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Patterns of Patronage in Renaissance Rome

Francesco Sperulo: Poet, Prelate, Soldier, Spy - Volume I


Paul Gwynne

This book is also available as a set, together with Volume II.
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Patterns of Patronage in Renaissance Rome is the first full-length study of the life and works of Francesco Sperulo of Camerino (1463–1531). In a remarkable career during which the poet progressed from serving as a soldier of fortune in the service of Cesare Borgia to an Italian bishopric, Sperulo produced a significant body of Latin poetry, here presented in a critical edition for the first time. An impressive array of contemporary figures including Leonardo da Vinci, Isabella d’Este, Raphael and Baldassare Castiglione appear in his verse. By placing his work within the larger historical, literary, political and social context, this study, published in two volumes, sheds light on the role played by neo-Latin poetry at the papal court and documents the impact of classical culture in Rome during the period usually referred to as «the High Renaissance».
Volume I reconstructs Sperulo’s life and circle of contacts by placing the poet’s works in chronological order and setting them within the political and social circumstances of their composition. Archival documents scattered across Italy, penitentiary records from the Vatican Archives and a voluminous correspondence with the Duke of Urbino and members of the Varano family of Camerino show that Sperulo was intimately involved in papal politics and intrigue; indeed, he was almost assassinated for his involvement. A selection of this correspondence is included here to supplement the poet’s biography.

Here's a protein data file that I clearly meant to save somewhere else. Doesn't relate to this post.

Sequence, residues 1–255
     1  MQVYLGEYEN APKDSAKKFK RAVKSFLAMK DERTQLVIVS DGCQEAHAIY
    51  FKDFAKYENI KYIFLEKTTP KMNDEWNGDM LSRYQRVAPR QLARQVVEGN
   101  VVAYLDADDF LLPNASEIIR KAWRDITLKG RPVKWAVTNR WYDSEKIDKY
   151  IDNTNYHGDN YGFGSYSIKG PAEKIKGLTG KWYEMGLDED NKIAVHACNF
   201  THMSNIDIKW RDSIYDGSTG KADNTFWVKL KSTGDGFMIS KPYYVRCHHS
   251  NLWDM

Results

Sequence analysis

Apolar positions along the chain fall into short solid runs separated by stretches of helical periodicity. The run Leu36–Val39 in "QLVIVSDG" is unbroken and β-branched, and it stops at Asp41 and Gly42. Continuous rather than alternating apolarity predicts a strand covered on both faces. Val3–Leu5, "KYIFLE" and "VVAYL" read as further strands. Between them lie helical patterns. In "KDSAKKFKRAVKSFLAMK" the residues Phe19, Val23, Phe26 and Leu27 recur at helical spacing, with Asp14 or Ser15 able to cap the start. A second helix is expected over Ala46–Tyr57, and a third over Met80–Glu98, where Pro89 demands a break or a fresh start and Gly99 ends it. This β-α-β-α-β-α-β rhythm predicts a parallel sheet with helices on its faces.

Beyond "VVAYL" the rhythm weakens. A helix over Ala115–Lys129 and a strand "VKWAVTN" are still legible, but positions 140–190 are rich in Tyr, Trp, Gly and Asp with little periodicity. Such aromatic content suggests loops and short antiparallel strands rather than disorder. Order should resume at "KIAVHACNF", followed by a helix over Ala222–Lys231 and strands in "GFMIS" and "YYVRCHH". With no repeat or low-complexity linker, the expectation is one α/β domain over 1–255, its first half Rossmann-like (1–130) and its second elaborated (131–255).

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Chapter 7: Sed durus hic et sui iudicii ubique: Sperulo and Imitatio


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Sed durus hic et sui iudicii ubique: Sperulo and Imitatio

In his review of contemporary poets (above, Chapter 1) Francesco Arsilli remarked that Sperulo was competent in all the poetic genres and able to adapt his style accordingly: he was arduus [lofty] when writing epic; cultus [refined] when writing elegy, and mollis [tender] in his lyric meters. Although these are standard adjectives defining the poetic genres, it should be noted that Arsilli does not apply the same distinction to the other 100 or so poets in his catalogue. It is worthwhile, therefore, reviewing Sperulo’s ability in the classical genres and his skill in imitatio.

Like all neo-Latin poets of the late fifteenth and early sixteenth centuries Sperulo was greatly indebted to his classical models and, as we have noted, reminiscences of Catullus, Virgil, Ovid, Statius and other Roman authors occur frequently throughout his œuvre. The extent and purpose of this indebtedness is, however, often difficult to assess. As Paul Murgatroyd has warned:

Some scholars of Renaissance poetry are ready to embrace uncritically the presence of imitation without due caution, a caution especially necessary in view of (inter alia) Petrarch’s letter to Boccaccio, in which he says that authors like Cicero and Virgil, whom he has read again and again, are so lodged in his mind that he uses phrases from them without realizing whose they are or even that they are not his own.1


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